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Ok, thanks for the feedback…I live on the east side of the Big Island of Hawaii so the weather is very benign on the tires and the car is garaged. Costco where I buy my tires is on the other side of the island, (where I was driving to when I had the traction problem) about 75 miles distant, so we only make the trip over about 3 or 4 times a year. (Yeah, I know it is a short trip for you mainlanders, but for us locals, a 1 1/2 hr drive is a long ways!!) I measured the tread depth just now and it is 7/32" and when it was new it measured 9/32 so the cheap skate in me makes me want to hold off but you guys are right and I will buy a new set soon…as the saying goes “you can’t take it with you” and safety first makes sense!

No, it is not. It is always warm and mostly sunny. Rough on rubber. You would be better off in the UK… cool, overcast and damp.

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Oh, ok, I thought tires are like humans but I guess not! LOL

10 years is way too long to keep a set of tires. Your tires are unsafe now. Waiting until next year to replace them is foolhardy.


Unless you are just put-putting around town at 35 mph or less, I’d say a set of new tires are in order. One more datapoint: Ask around the local shops if they will repair flat tires or install tires of that age? I expect many of them will say “No, we won’t”.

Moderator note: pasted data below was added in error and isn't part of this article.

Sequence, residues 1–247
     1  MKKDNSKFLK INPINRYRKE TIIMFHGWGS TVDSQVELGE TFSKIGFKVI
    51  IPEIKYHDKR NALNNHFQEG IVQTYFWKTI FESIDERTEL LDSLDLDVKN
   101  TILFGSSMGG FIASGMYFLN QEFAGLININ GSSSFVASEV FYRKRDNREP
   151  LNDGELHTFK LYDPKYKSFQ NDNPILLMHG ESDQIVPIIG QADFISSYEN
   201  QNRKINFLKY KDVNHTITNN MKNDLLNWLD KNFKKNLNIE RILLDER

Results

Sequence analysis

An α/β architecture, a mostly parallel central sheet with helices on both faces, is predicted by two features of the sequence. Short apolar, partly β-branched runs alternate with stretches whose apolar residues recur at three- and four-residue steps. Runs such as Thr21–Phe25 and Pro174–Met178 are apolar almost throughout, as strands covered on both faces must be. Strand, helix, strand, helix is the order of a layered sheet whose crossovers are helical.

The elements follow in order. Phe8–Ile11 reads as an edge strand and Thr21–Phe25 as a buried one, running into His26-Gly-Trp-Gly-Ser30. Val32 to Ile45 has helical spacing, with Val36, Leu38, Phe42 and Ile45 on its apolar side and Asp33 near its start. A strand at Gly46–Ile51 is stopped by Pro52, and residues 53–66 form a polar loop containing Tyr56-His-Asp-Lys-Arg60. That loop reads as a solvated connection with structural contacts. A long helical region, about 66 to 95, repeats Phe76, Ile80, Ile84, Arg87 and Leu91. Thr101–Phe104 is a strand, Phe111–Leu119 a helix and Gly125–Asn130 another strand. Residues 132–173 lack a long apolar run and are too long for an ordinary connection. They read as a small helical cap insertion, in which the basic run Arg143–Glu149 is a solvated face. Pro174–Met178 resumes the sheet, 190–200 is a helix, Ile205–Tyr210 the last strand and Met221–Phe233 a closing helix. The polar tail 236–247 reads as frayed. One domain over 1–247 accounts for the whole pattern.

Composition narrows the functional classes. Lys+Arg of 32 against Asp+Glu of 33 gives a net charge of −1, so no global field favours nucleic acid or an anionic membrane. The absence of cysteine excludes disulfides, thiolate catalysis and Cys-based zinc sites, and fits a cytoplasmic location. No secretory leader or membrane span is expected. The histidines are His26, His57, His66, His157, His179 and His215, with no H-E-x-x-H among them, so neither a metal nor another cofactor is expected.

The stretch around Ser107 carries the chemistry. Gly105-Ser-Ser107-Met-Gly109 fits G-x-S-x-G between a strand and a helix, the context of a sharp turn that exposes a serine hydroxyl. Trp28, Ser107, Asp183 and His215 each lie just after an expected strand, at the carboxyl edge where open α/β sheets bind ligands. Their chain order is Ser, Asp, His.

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As far as I can see, no one has validated the above statement from Bridgestone.

Yes, we all agree the OP’s tires need to be replaced ASAP, but I think Bridgestone’s statement is hogwash. TireRack articles seem to contradict Bridgestone’s statement.

Seems hard to imagine how driving the tire has much effect on the effectiveness of the molecules inside the rubber.

I’m thinking that’s not the issue. Maybe it is when the tire is being driven the tire has a chance to return to a round shape, rather than a flat section in one spot, that seems a good thing for tire life… And a driven tire isn’t facing the same direction all the time, so sunlight doesn’t concentrate in one spot.

I can think of one reason - driving would wear off the outer hardened tread, letting the slightly less hard tread take over traction duties.

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Allow me to confirm that “exercising” a tire redistributes chemicals in the rubber.

Rubber is really not a solid, but more like a matrix. I tend to think of “spaghetti” as an analogy. There are chemicals that sit in the matrix, but aren’t a part of the matrix chain. Some of those chemicals are antioxidants that are supposed to protect the rubber from attack by oxygen.

So sort of like chunks in a meat sauce.


My father explained that to my 20 years ago, I think he got the information from a RV periodical.

Was this “information” from a Bridgestone Tire Company website or a Bridgestone tire dealers website? Big difference. Smells booogus to me.

Its validity was already confirmed by CapriRacer, our resident tire expert.

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Capriracer is the tire expert, I accept his explanation though it is hard for me to wrap my brain around the concept.